I checked out a few books and here are some random notes I felt were worth repeating here.
First of all the species family is Deapoda-Reptania-Anomuran-Paguroidea
From Invertebrate Zoology by Robert Barnes:
The abdomen twist has adapted for right spiral shells but left spiral can be used.
There are appendages on the tip of the abdomen called uropods. The left uropod is used for hooking to the columella of the shell.
The excretory pore is above the mouth, it is a small antenna connected to the bladder. I have a image on one of my crabs where I think you can see this but I need to confirm it first.
In some hermit crabs, the male will grab the shell of a female who is preparing to lay eggs and drag her around until she is ready. The eggs are attached to her pleopods with a cementing material secred by glands on the uropods and on the abdominal pleura. The glands may be on the ventral surface of the abdomen.
The female’s abdomen is lifted considerable to permit brooding of the eggs. Newly laid eggs appear as a bright orange mass, sometimes called a sponge.
Zoea are hatched and liberated when the female returns to the water.
Red, yellow and blue coloring are all carotene derivatives.
The x-organ sinus gland produces 3 hormones which indirectly control molting (ecdysis) via another hormone secreted by the Y-organ.
Regulate the length of inter molt
Accelerates pro-ecdysis stage
controls the amount of water taken up during ecdysis
I’m not entirely sure this is completely accurate since some of the information in her book was questionable. For instance, depicting that you should tap the shell with a SPOON to make the crab come out. RME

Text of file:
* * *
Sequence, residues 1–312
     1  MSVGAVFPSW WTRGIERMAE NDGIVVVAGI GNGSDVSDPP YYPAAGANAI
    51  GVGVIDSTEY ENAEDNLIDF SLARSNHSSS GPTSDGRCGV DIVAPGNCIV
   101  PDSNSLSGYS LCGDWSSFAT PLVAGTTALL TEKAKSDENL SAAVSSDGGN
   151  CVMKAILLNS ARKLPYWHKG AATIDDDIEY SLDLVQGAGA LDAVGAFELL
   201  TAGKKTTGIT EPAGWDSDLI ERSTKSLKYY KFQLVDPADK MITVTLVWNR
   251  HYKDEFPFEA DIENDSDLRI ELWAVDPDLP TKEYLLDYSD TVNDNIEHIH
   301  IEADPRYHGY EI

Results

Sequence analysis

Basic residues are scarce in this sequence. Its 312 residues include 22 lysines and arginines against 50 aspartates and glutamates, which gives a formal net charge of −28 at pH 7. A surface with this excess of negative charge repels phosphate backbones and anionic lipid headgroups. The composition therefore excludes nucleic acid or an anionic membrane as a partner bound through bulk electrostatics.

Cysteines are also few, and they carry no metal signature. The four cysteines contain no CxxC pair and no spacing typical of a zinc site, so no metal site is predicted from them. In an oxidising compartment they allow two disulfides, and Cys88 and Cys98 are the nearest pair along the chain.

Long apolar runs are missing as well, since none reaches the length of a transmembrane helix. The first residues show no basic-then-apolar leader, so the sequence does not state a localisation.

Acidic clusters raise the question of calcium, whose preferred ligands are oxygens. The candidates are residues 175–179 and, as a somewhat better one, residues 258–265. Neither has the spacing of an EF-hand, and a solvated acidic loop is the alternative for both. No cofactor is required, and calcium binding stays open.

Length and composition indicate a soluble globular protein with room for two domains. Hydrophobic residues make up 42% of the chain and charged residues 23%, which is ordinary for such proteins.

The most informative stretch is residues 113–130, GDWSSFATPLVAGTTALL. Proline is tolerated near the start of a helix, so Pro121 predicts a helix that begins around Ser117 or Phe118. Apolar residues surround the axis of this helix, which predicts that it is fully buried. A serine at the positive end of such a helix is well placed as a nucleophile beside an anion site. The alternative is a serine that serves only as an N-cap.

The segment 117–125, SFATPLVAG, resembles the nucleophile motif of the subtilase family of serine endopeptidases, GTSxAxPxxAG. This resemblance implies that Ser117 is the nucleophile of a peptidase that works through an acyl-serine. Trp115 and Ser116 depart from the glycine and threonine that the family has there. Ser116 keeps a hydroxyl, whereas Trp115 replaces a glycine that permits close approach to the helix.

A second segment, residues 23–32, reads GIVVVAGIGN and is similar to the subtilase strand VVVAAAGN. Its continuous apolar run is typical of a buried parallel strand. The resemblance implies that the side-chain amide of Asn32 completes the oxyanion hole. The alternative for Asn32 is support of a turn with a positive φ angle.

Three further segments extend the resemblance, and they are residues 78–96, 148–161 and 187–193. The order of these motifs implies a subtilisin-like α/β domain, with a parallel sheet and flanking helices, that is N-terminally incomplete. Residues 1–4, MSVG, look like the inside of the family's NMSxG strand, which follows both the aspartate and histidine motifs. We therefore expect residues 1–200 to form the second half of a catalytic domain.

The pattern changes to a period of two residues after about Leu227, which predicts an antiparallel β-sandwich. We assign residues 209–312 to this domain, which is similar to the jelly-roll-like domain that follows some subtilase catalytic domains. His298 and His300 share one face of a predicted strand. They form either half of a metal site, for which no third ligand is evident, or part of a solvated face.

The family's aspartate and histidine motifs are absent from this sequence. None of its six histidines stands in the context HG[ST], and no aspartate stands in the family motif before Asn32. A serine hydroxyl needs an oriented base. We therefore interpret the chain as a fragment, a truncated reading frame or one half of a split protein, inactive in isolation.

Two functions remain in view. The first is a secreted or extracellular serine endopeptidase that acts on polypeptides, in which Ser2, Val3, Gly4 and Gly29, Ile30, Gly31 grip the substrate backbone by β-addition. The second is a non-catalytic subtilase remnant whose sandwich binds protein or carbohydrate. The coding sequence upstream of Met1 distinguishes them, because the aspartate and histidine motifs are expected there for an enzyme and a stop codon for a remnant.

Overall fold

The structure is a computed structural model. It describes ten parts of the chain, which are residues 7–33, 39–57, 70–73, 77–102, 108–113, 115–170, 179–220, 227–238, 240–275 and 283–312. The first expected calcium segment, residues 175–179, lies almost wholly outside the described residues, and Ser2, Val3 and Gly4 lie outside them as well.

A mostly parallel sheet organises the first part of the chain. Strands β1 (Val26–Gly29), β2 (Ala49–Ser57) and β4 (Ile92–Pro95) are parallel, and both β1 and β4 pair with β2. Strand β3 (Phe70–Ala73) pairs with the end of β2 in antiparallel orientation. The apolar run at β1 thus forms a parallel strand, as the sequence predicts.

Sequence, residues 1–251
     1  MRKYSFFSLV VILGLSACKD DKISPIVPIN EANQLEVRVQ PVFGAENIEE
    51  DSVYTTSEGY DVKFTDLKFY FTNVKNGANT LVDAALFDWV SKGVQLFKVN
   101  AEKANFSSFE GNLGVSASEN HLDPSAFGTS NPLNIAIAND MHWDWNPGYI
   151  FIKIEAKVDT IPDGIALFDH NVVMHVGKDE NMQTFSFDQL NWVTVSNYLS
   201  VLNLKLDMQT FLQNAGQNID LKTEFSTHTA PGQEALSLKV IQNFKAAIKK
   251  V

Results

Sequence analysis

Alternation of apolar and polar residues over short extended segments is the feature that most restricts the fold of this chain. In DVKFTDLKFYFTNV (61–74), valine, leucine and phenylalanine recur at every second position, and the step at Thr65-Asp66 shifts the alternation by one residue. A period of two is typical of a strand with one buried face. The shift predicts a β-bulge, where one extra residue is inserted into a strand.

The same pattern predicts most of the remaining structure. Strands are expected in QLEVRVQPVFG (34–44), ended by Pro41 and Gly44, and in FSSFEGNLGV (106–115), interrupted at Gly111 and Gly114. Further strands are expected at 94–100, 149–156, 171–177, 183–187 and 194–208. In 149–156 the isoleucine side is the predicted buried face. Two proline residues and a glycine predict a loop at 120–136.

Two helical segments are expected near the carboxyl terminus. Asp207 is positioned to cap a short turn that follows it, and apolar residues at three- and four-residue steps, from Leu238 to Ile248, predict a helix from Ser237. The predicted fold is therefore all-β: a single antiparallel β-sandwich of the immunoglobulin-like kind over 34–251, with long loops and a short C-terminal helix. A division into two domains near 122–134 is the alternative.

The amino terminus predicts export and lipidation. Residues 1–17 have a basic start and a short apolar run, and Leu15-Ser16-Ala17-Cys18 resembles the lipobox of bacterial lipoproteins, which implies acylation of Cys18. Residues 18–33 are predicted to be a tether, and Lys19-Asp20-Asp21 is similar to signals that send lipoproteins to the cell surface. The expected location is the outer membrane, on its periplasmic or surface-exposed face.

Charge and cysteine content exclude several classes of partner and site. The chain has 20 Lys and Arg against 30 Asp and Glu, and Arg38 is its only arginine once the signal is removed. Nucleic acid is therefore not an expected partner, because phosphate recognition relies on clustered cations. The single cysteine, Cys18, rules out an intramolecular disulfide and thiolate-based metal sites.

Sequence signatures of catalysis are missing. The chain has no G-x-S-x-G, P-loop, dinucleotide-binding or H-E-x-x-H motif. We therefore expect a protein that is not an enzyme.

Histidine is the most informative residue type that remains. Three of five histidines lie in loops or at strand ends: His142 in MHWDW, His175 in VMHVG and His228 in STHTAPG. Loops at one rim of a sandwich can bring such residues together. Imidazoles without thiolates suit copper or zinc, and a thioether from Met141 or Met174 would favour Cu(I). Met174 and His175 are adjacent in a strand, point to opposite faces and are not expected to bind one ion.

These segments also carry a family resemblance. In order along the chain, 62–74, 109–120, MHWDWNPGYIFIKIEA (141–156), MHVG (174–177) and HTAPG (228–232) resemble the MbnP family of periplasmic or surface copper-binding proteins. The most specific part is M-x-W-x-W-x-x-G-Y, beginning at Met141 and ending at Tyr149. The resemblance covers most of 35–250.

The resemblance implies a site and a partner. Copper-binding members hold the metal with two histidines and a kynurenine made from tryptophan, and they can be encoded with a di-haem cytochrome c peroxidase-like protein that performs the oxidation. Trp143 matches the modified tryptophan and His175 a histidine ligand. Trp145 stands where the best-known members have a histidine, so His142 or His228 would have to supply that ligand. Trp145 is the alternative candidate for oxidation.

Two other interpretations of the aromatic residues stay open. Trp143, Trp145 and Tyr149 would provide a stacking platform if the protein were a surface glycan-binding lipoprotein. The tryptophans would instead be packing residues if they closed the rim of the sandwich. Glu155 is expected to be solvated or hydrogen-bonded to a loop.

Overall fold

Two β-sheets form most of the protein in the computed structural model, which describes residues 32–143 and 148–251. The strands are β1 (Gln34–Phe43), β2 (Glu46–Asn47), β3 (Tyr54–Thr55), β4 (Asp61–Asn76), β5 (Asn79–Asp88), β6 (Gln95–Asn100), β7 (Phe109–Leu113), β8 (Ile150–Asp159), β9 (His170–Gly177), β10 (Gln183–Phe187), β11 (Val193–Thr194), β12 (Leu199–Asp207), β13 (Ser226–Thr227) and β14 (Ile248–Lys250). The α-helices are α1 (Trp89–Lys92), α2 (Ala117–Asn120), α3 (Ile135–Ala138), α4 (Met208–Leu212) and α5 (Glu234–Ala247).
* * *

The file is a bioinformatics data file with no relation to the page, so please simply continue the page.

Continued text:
Hermit Crabs by Sylvia A Johnson
Females ready to mate exude a odor (pheromone or hormone accoring to some other sources).
The male may use his claw to stroke or tap his partners claw.
In a shell fight, one crab may bang its shell against the victims shell to drive them out.
Evolution and Adaptation of Terrestrial Arthopoda by John L. CLoudsley-Thompson
He mentions a airborne pheromone being released also.
Crabs can tolerate large quantities of copper because its stored in their exoskeleton.
The male sex organ is the gonopod. We already know the female sex organs are gonopores. The eggs are laid, fertilized and held within the females shell until they are ready to be hatched and released into the water.
A biology of crustacea by James Green
Woodlice will die fairly fast in dry air. I’m not sure how fast ‘fairly fast’ is and how this would relate to other parasitic mites on our crabs.
The Physiology of Crustacea by Waterman Vol II
He mentions “Internal turgor: if this is too high the body and appendages may become to stiff to move”
Now this could be applicable to post molt stiff joints. I couldn’t find a definition in his book for Internal turgor though.
I found the following biology definitions:
(physiology) The pressure within cells, especially plant cells, derived from osmotic pressure differences between the inside and outside of the cell giving rise to mechanical rigidity of the cells.
Turgor drives cell expansion and certain movements such as the closing or opening of stomata.
The physical state of a cell with its maximum content of water before bursting, characterised by swelling of the cell via the vacuole of the cell shrinking and the cell wall / membrane stretching.
(biology) the normal rigid state of fullness of a cell or blood vessel or capillary resulting from pressure of the contents against the wall or membrane.
So I take this to mean the internal pressure of the crab. Someone who understands this better should post a comment and explain some of this to me!!